Circuit adds foldback-current protection

For many applications that require power-supply currents of a few amperes or less, three-terminal adjustable-output linear voltage regulators, such as National Semiconductor’s LM317, offer ease of use, low cost, and full on-chip overload protection. The addition of a few components can provide a three-terminal regulator with high-speed short-circuit current limiting for improved reliability. The current limiter protects the regulator from damage by holding the maximum output current at a constant level, IMAX, that doesn’t damage the regulator (Reference 1). When a fault condition occurs, the power dissipated in the pass transistor equals approximately VIN×IMAX. Designing a regulator to survive an overload requires conservatively rated—and often overdesigned—components unless you can reduce, or fold back, the output current when a fault occurs (Reference 2).

Circuit adds foldback-current protection

The circuit in Figure 1 incorporates foldback-current limiting to protect the pass transistor by adding feedback resistor R4. Under normal conditions, transistor Q2 doesn’t conduct, and resistors R1 and R2 bias MOSFET Q1 into conduction. When an output overload occurs, Q2 conducts, reducing the on-state bias applied to Q1 and thus increasing its drain-source resistance and limiting the current flowing into regulator IC1, an LM317. Adding R4 makes Q2‘s bias current dependent on the output voltage, VOUT, which decreases under overload conditions.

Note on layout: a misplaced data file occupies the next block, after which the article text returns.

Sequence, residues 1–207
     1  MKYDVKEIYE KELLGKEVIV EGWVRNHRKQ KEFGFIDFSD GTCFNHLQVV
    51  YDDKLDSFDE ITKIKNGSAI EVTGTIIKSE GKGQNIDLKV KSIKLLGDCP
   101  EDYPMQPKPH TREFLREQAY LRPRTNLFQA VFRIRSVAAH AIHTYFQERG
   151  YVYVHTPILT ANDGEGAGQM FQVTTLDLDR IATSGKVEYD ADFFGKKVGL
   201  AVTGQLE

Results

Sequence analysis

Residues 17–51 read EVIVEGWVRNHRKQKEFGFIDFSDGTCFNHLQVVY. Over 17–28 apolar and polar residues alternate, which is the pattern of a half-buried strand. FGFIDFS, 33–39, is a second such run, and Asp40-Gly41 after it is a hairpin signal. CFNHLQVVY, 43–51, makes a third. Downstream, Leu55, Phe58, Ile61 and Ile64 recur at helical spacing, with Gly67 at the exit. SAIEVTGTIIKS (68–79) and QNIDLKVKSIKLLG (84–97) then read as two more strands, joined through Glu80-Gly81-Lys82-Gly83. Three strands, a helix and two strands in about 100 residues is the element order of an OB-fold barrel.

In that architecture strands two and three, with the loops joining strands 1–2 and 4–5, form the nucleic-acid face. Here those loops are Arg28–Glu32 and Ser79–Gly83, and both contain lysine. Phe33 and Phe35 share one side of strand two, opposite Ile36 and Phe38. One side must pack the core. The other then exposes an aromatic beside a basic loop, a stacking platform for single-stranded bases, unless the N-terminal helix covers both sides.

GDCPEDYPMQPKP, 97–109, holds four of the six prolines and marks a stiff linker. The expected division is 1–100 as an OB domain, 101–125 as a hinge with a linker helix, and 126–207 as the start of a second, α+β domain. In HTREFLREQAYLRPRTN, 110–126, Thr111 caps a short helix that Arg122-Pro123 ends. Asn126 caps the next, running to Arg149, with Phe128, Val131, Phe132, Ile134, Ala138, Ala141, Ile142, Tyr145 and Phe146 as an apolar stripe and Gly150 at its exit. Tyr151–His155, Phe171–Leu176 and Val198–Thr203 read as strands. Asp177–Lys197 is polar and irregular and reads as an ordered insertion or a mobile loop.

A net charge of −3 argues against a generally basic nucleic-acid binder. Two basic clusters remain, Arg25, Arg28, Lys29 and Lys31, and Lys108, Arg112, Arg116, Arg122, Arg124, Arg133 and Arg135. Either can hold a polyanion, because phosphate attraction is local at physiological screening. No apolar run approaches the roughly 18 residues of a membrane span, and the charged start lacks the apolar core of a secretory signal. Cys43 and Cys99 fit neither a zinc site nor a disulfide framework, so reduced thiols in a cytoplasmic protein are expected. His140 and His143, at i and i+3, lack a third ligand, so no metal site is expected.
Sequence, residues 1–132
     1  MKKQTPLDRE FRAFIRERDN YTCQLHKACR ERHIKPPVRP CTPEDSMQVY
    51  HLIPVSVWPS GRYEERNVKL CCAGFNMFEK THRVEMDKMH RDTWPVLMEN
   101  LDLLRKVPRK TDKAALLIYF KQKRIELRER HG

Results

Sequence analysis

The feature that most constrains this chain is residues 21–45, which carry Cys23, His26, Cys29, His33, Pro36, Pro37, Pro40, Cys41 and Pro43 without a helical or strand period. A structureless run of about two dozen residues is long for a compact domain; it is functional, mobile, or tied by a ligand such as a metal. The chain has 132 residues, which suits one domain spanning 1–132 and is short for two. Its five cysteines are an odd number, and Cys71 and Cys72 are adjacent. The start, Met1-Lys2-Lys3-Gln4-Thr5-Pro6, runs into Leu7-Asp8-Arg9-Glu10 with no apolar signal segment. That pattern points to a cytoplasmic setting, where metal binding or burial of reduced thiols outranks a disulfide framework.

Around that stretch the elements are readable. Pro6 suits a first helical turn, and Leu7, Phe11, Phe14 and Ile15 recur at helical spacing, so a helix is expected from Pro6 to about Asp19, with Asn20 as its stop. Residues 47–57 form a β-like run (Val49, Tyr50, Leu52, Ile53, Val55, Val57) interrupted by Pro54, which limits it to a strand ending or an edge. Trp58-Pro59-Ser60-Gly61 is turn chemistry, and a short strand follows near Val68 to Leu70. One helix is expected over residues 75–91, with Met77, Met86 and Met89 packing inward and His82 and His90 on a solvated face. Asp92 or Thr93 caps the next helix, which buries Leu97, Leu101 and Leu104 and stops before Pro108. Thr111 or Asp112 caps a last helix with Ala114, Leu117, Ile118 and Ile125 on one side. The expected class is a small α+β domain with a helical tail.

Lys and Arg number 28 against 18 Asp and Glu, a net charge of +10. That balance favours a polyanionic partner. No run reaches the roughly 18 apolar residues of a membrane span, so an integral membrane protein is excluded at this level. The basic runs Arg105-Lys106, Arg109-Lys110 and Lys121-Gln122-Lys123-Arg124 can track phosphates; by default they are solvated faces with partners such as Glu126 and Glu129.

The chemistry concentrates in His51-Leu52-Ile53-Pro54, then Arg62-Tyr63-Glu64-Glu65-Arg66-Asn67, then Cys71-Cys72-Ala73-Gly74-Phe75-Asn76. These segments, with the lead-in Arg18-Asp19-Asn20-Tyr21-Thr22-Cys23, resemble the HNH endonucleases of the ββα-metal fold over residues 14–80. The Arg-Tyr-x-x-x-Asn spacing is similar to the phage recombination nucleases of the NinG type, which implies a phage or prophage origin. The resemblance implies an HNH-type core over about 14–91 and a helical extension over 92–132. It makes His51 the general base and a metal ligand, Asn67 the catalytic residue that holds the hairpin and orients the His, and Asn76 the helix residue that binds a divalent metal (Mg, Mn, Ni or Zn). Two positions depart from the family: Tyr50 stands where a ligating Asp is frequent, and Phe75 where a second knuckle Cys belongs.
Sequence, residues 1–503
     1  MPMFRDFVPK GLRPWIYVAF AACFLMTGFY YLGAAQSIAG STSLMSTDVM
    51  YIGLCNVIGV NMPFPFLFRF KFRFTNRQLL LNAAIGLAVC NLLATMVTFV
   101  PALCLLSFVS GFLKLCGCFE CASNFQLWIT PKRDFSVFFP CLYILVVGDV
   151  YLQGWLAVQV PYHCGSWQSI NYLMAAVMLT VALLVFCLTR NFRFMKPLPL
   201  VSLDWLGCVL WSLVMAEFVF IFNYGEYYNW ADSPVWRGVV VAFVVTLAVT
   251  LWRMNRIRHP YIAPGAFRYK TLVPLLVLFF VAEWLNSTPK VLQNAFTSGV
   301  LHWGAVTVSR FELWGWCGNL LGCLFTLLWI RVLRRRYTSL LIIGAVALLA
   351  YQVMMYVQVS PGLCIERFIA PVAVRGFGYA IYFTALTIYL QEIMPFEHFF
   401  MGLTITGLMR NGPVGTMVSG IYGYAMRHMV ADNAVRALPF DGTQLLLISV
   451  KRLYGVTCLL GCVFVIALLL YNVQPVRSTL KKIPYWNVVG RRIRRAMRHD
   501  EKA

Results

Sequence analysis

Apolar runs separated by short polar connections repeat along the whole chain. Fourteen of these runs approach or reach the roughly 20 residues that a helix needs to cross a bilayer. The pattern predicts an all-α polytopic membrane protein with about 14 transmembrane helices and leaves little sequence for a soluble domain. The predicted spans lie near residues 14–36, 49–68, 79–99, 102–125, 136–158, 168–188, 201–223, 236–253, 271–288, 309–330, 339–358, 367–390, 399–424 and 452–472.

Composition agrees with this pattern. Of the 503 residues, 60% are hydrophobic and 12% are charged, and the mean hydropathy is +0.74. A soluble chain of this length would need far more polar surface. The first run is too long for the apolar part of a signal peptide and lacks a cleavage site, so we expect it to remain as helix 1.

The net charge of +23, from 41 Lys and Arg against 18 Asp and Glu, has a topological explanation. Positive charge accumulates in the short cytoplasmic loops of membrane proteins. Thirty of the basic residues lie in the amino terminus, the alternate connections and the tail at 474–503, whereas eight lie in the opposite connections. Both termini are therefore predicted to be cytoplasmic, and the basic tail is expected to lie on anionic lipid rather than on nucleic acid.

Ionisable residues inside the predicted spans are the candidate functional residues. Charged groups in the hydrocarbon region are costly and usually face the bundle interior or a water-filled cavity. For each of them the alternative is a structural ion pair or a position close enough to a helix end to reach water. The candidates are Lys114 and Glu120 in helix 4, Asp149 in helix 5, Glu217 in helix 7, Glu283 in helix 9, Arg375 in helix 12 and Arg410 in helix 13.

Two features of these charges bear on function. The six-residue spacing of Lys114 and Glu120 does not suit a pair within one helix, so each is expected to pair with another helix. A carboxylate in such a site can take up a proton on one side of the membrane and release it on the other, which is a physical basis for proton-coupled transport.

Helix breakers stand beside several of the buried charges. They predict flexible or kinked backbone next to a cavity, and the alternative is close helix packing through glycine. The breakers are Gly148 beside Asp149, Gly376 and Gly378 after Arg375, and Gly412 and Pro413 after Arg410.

For the circuit in Figure 1, you can calculate the maximum foldover and short-circuit currents, IKNEE and ISC, respectively, as follows:

In a practical design, you select values for IKNEE and ISC and equal values for R3A and R3B and then use equations 1 and 2 to calculate resistors RSC and R4. For the circuit in Figure 1, the output’s maximum and short-circuit currents are fixed at 0.7 and 0.05A, respectively. With R3A and R3B set to 100Ω, solving the equations yields values of 0.73Ω for RSC and 4.3 kΩ for R4. You can demonstrate the circuit’s performance by applying a variable-load resistor that’s adjustable from 0 to 200Ω. As Figure 2 shows, the output’s simulated and measured voltage-versus-current characteristics, VOUT and IOUT, respectively, are in close agreement.

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About The Author

Ibrar Ayyub

I am an experienced technical writer holding a Master's degree in computer science from BZU Multan, Pakistan University. With a background spanning various industries, particularly in home automation and engineering, I have honed my skills in crafting clear and concise content. Proficient in leveraging infographics and diagrams, I strive to simplify complex concepts for readers. My strength lies in thorough research and presenting information in a structured and logical format.

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